In this chapter we review the main techniques for error concealment in packet audio. As explained in Chapters 7 - 10, forward error correction (FEC) or repeat request solutions are often adequate for streaming media and broadcast. These can virtually eliminate information loss, guaranteeing that every bit is actually received at the decoder side. Nevertheless, these techniques will also require the introduction of additional delay, and the higher the protection level desired, the higher the delay required.
Real-time communication (RTC) applications are very delay sensitive and will not be able to fully exploit these techniques to reduce 100% of the losses. For this reason, RTC needs are quite unique. We need error concealment, and we need FEC techniques that can be applied without excessive increase in delay. In this chapter we look at some of the techniques used in error concealment for speech and look at media-aware FEC techniques, with particular interest in RTC.
Compression and error concealment are tightly related. Compression tries to remove as much redundancy from the signal as possible, but the more redundancy is removed, the more important each piece of information is, and therefore the harder it is to conceal lost packets. More specifically, speech is a dynamic but slowly varying signal; the key way of compressing speech is by only transmitting signal changes in relation to the previous or expected state. Nevertheless, only transmitting these changes in a differential form means that if you lose some information (e.g., due to a packet loss), the decoder does not know the current state of the signal any more.
It is always expected that the segment corresponding to the missing data will not be properly decoded. But with differential coding, subsequent frames may also be affected. Furthermore, it is easier to replace any missing speech segments if one has received the correct signal in the vicinity of the missing segment. For all these reasons, error concealment may significantly depend on the compression technology used.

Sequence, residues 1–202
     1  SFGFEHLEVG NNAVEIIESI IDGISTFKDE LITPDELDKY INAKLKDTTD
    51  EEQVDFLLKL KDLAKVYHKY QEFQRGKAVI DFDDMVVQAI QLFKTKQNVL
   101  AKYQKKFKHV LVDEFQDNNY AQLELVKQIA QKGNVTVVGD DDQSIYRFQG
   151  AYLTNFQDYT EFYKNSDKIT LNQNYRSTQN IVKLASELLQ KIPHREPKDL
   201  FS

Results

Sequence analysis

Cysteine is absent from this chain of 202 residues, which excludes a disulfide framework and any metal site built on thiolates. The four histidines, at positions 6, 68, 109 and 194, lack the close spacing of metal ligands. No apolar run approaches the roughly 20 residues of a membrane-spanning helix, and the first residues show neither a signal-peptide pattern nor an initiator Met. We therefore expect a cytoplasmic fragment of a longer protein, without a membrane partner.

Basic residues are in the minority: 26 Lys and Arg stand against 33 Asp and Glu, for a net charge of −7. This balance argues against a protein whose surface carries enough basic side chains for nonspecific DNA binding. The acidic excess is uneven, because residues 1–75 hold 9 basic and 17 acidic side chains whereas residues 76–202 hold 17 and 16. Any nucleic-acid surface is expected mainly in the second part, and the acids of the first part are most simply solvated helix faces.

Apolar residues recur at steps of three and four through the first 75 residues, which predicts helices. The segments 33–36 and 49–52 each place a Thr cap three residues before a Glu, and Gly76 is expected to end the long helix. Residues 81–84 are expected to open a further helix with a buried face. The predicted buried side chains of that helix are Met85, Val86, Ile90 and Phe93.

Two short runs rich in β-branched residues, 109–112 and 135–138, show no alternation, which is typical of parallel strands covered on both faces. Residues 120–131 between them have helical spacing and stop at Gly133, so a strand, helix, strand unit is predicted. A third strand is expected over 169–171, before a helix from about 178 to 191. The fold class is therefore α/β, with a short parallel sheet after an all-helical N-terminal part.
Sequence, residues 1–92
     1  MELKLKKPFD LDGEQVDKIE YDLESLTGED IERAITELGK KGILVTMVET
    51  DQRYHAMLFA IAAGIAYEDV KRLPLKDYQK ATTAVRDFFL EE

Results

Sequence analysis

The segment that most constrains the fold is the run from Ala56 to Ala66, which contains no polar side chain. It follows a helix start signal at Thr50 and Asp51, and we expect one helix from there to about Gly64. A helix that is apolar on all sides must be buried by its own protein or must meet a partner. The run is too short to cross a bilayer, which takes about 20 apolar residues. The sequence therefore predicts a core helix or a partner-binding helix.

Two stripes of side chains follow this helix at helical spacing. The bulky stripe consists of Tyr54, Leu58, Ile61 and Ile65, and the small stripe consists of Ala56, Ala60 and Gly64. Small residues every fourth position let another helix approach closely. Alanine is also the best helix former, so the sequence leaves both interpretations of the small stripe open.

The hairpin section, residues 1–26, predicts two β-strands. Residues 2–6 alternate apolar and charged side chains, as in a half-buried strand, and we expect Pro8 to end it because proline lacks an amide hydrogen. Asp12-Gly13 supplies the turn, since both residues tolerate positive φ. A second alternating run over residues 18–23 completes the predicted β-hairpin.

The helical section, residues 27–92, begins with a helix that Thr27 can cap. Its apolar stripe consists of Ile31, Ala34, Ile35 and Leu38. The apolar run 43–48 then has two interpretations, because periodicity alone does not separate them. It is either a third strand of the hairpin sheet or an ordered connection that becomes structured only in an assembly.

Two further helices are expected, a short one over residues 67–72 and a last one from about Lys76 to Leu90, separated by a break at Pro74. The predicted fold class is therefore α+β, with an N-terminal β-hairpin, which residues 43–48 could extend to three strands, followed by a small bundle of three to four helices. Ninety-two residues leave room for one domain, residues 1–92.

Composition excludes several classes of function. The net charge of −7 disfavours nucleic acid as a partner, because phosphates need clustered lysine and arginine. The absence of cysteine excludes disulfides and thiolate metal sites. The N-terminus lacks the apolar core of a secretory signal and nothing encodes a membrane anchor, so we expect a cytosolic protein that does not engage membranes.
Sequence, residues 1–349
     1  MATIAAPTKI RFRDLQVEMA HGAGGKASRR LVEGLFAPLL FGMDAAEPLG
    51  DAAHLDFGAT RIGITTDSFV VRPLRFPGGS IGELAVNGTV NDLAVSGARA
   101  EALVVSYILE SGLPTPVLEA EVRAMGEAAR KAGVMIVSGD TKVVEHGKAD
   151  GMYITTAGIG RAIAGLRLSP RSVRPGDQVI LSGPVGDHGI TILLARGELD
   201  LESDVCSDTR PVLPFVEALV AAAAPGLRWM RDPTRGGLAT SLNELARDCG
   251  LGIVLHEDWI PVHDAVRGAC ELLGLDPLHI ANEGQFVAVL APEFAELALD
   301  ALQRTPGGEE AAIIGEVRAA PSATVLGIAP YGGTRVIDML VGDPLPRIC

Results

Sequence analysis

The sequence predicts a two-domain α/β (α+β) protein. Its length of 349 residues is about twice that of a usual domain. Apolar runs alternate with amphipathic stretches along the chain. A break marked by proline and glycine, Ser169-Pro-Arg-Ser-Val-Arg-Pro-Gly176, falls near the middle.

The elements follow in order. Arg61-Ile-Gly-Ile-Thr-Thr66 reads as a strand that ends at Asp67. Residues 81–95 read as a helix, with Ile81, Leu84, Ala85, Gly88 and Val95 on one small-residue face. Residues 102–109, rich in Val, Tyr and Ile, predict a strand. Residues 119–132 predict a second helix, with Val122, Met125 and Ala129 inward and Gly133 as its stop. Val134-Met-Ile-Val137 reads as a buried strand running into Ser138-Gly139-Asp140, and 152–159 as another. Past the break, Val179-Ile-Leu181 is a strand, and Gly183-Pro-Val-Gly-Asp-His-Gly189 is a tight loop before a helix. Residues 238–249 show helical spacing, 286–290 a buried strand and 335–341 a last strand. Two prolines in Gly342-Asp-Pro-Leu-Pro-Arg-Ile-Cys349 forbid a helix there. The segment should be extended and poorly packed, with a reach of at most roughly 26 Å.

We will start this chapter by looking at some of the basic ideas behind packet loss concealment for speech. With that objective, in Section 3.2 we introduce the basic concealment techniques used in nonpredictive speech codecs. The job of concealing losses becomes harder as the codec removes more and more redundancy from the signal.
In Section 3.3, we discuss some of the techniques used to reduce the impact of the feedback loop in CELP (Codebook Excited Linear Prediction) and other predictive codecs. In Section 3.4, we present some recent results in loss concealment for transform coders, which are used both in speech and in audio applications. Finally, in Section 3.5 we discuss recent research in media-aware FEC techniques.
Particular attention is paid to speech, due to its importance in RTC, but many of the recent advances in loss concealment techniques we will discuss apply also to audio. For example, the same principles used in the overlapped transform concealment techniques can be used for most audio codecs, and the media-aware FEC can be applied to most audio or video coders. We also point out that this chapter is closely related to the ideas presented in Chapters 15 and 16.